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January 27, 2003 Common Diagnoses: Sub-calcaneal Bursitis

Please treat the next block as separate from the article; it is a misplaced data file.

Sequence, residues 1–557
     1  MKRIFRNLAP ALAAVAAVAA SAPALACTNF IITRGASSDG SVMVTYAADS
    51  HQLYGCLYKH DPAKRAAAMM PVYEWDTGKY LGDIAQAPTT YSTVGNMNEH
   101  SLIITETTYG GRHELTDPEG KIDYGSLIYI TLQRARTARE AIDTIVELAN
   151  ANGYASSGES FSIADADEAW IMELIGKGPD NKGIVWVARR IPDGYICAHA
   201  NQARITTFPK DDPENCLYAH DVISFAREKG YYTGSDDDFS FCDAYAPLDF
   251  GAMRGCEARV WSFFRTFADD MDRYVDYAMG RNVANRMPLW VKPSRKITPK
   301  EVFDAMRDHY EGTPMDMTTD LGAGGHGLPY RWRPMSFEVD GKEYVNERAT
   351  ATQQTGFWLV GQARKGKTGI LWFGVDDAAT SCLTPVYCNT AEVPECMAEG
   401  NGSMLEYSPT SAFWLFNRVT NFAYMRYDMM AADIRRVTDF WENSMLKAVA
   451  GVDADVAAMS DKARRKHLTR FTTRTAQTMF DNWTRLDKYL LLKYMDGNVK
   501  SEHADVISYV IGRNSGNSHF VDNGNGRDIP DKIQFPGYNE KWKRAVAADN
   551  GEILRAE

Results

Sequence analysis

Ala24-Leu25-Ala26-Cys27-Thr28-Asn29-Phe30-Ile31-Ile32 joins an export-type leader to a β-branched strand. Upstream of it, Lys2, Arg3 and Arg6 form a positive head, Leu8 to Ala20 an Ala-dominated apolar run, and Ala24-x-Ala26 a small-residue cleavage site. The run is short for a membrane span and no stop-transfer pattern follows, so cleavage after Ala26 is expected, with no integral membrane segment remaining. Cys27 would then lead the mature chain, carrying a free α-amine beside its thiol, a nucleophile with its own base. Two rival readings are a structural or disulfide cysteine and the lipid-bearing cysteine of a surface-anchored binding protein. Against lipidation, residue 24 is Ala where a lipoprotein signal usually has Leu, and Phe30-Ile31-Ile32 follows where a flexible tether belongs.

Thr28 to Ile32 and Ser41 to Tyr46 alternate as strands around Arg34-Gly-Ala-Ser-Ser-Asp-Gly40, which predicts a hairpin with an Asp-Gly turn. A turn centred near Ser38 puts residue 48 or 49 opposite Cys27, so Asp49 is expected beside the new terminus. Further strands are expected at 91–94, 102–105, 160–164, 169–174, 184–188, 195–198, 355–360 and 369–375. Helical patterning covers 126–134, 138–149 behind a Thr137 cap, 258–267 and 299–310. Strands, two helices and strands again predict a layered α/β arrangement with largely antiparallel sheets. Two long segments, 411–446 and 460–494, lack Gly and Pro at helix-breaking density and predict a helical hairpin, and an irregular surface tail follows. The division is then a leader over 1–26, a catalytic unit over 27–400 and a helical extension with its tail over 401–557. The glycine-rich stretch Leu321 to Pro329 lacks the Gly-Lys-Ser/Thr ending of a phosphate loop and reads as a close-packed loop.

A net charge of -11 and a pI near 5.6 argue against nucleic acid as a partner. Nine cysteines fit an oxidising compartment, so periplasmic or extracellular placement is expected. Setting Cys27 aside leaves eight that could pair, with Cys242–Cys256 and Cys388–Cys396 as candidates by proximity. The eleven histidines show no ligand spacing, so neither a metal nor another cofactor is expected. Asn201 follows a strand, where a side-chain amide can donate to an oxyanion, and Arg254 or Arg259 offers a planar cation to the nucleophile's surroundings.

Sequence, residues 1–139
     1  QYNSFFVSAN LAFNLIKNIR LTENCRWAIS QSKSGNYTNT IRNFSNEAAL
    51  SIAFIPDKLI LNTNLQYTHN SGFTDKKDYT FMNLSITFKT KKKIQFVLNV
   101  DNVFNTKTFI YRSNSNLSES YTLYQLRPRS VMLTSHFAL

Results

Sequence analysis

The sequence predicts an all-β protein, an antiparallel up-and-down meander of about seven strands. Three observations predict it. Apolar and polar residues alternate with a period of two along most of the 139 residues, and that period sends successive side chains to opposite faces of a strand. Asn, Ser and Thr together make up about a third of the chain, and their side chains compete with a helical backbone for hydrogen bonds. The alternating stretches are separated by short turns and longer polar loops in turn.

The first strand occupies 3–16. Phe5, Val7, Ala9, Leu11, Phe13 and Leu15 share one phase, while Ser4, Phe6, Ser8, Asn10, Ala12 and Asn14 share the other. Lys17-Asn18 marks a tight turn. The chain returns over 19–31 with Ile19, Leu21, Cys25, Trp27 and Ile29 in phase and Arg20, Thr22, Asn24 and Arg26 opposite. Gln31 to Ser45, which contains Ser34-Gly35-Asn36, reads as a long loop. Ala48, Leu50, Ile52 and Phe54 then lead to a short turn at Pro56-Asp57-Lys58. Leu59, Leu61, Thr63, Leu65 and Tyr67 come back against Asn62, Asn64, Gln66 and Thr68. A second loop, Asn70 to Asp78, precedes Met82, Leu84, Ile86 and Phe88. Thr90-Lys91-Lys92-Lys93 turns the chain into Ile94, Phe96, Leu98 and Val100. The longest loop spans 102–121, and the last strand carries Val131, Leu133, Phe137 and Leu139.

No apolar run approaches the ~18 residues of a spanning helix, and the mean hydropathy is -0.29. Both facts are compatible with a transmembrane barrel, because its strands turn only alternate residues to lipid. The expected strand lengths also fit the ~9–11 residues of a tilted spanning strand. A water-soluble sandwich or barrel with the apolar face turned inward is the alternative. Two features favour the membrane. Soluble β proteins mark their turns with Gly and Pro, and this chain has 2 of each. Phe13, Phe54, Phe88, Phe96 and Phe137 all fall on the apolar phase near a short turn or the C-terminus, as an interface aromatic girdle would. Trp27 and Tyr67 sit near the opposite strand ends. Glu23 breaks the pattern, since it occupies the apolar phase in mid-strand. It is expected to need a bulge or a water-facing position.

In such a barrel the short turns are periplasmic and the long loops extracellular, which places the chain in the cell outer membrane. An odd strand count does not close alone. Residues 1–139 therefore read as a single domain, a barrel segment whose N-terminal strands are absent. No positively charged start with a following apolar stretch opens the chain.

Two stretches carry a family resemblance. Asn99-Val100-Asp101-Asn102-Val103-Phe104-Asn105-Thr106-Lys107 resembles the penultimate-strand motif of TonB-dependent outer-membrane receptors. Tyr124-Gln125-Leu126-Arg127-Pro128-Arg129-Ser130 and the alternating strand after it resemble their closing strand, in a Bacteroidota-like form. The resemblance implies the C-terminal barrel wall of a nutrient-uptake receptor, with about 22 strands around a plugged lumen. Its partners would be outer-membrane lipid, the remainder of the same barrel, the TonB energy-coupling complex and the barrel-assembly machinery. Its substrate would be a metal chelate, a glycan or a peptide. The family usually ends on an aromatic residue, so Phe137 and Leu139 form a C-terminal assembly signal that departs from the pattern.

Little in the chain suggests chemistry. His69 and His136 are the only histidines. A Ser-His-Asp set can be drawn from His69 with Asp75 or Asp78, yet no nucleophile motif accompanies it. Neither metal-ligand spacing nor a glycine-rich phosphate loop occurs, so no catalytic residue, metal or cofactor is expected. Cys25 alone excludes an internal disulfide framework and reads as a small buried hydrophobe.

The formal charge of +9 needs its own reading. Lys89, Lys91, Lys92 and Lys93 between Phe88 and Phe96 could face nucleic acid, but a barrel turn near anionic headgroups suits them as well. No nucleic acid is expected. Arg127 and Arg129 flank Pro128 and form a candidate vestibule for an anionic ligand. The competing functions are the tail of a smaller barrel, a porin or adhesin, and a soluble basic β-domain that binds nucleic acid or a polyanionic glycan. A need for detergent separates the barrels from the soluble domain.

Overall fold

Sub-calcaneal Bursitis is an inflammation of the large bursa that acts as a cushion under the inferior aspect of the calcaneus. Cause: Sub-calcaneal bursitis is caused by the excessive eversion of the calcaneus at heel strike and during stance phase. There are two tuberosities at the proximal plantar base of the calcaneus of which the medial tuberosity is more prominent and distinctly edged. With the excessive eversion, this medial edge delivers more force per unit area and shearing to the bursa which can cause inflammation. In Sharper Edge the overly supinated foot, the cause is most likely the Bursa concentrated Calcaneus Inverted plantar pressure on the heel. Symptom: This typically hurts more centrally in the plantar heel pad and worsens during the course of the day. Plantarfasciitis, in contrast, is tender at the medial distal corner of the fat pad and the pain is most acute with the first step in the morning. Diagnosis: Palpation of the center of the plantar fat pad under the heel elicits sharp pain. Treatment: Anti-inflammatories and physical modalities (Ultrasound, thermal contrast applications) may give temporary relief and promote blood-flow/healing. However, without addressing the abnormal biomechanical stresses the condition will probably progress or reoccur. Stretching the gastroc/soleus muscles, when tight, will eliminate that component which could be a source of over-pronation. When stretching this muscle be sure to internally rotate the leg and supinate the foot for maximum stretch efficiency. Sole Supports will address the problem in two important ways. The full contact design allows the weight to be more evenly distributed across the plantar surface of the foot, especially helpful in the overly supinated foot. Edge Directly Over Bursa Most importantly, by controlling overpronation, normal calcaneal Calcaneus Everted position during stance phase is restored, both tuberosities at the calcaneal base can bear weight more evenly and distribute the force over a larger area. Prognosis: With Sole Supports, the prognosis is excellent. You should expect 50-70% relief the first month, 70-90% the second month and 90100% the third. Special Orthotic Design: A modification called a "U" pad can be added to the heel of 1/8" poron to accomodate this bursa.

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